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Review Theatre: Brilliant dystopian fable with fat-cat message for our times

The Animals and Children Took to the Streets
HOME, Manchester

1927, the creative team behind the extraordinary and internationally acclaimed Golem, have come up with another stunning mixture of theatre, poetry, film, animation and song in this sinister tale.

The Animals and Children Took to the Streets is set in a dystopian world where the outcasts of society, banished to Redherring Street, live in the rotting tenement Bayou Mansion alongside an assortment of misfits — perverts, peeping Toms, gangsters and Wayne the racist.

Life in the Bayou is an endless grind of misery and hopelessness. The putrid, crumbling building is infested with fleas, cockroaches and hundreds of feral children who emerge at night to terrorise the inhabitants of the Bayou.

But, for well-meaning, middle-class Agnes Eaves, all these children need is a good dose of TLC. Armed with dried pasta and some PVA glue she just knows that her art classes are the answer.
Meanwhile Zelda, rebellious daughter of the local crime boss, has had enough. It’s time the kids in Bayou Mansions had a slice of the good life.

Gathering her band of waifs and strays she sets about kidnapping the mayor’s cat. Her demands are simple — better housing, proper education and an X-box. But the mayor has a dastardly plan...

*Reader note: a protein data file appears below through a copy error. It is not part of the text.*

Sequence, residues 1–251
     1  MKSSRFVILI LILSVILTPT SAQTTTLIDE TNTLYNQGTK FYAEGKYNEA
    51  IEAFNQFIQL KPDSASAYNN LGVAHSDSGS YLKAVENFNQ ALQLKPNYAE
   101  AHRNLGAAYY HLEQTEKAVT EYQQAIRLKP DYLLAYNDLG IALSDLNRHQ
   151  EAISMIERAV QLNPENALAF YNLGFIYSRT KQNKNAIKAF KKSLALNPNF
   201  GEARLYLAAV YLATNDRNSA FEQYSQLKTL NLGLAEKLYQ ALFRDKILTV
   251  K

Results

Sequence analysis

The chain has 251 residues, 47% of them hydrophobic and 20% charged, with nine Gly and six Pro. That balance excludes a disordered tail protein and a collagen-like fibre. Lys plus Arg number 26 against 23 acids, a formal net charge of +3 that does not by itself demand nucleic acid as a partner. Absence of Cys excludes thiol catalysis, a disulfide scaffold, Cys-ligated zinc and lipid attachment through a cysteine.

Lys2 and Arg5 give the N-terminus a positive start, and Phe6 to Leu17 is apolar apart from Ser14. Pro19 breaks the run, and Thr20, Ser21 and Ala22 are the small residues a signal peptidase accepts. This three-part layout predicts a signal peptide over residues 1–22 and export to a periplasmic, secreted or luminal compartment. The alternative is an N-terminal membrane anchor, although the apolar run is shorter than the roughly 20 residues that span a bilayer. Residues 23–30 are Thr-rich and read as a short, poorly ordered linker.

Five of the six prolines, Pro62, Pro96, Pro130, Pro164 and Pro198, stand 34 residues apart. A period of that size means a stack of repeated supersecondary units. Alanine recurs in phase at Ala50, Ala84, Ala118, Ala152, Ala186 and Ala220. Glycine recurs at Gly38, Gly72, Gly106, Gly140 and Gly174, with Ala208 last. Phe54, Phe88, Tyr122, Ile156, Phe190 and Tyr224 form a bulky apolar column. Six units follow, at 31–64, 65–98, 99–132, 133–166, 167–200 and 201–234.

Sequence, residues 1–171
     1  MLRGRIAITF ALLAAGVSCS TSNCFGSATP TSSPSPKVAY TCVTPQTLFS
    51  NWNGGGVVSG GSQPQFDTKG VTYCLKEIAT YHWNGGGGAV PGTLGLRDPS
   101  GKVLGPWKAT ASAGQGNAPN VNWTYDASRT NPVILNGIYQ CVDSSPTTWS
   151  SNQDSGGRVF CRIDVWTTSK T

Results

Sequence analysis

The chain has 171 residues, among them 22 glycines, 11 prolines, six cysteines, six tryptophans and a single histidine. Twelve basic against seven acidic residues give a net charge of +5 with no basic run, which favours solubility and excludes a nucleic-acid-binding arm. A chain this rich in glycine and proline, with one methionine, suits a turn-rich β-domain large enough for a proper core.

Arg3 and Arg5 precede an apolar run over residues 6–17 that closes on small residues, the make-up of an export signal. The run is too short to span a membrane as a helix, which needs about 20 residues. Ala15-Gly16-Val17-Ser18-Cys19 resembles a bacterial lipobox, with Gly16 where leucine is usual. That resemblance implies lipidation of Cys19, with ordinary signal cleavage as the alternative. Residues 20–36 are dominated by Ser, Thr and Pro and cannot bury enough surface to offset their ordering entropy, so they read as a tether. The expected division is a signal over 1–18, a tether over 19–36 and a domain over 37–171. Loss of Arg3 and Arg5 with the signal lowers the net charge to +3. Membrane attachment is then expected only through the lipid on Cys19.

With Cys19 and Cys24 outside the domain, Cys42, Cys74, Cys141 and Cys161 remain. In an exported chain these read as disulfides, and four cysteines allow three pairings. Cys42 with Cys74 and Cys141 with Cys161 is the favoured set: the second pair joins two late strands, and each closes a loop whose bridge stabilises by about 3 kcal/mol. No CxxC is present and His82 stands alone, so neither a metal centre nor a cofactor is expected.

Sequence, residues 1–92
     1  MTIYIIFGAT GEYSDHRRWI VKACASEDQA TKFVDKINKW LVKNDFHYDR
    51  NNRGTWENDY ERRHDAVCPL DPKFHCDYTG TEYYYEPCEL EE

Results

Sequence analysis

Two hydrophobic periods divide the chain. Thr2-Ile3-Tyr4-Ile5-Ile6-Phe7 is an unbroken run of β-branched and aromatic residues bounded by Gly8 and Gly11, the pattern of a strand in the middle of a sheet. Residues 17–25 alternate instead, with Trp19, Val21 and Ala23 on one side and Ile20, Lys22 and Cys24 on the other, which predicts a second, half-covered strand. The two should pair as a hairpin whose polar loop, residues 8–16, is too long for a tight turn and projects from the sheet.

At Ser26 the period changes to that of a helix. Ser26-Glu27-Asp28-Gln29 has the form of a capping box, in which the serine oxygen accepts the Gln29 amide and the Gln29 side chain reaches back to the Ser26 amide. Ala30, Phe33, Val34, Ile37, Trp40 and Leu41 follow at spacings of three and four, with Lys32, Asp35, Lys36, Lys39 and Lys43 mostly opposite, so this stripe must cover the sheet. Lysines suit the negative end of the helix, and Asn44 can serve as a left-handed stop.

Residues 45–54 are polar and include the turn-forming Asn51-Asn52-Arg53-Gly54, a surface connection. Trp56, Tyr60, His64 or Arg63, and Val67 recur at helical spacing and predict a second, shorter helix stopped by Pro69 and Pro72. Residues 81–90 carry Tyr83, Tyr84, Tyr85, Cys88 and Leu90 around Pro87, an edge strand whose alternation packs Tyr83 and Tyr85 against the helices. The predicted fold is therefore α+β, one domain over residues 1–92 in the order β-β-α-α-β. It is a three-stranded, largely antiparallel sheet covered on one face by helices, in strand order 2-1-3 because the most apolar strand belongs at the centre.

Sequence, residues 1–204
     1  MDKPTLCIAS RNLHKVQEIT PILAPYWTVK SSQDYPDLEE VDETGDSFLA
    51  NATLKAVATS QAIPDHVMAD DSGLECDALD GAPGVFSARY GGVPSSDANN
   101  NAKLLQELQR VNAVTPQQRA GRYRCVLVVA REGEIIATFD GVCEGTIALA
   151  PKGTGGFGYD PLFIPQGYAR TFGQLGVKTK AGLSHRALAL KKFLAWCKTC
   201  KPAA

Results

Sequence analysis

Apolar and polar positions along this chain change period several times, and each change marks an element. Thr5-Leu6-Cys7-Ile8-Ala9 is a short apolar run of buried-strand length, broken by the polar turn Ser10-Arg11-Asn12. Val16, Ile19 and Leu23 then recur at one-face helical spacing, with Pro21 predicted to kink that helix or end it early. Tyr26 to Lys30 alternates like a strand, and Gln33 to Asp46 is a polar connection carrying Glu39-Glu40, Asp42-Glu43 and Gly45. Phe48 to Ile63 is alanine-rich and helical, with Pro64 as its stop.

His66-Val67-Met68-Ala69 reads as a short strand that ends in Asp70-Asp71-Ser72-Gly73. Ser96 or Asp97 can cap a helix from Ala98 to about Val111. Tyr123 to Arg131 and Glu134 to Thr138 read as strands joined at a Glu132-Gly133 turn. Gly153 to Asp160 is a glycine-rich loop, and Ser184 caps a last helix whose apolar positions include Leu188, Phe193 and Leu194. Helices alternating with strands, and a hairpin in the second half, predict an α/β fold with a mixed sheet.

In delivering this show 1927, one of the most original theatre companies around, is blessed with three fabulous actors. Felicity Sparks, Genevieve Dunne and Rowena Lennon, with astonishingly perfect synchronisation, incorporate animation, film and live music into their story of life in a surreal, absurd and mad world.

It’s a wonderful, crazy and comic spectacle but its message is clear. If the rich and selfish fat cats are allowed to to continue to destroy our world, the rest of us will be banished to the Bayou. But the big question on the night is whether the much put-upon, lonely caretaker — a wonderful voiceover from James Addie —  can save the day.

Will there be an idealistic ending or will reality win out? You'll have to go and see this hugely entertaining production to find out which road 1927 takes.

Runs until February 16, box office:, then tours, details:


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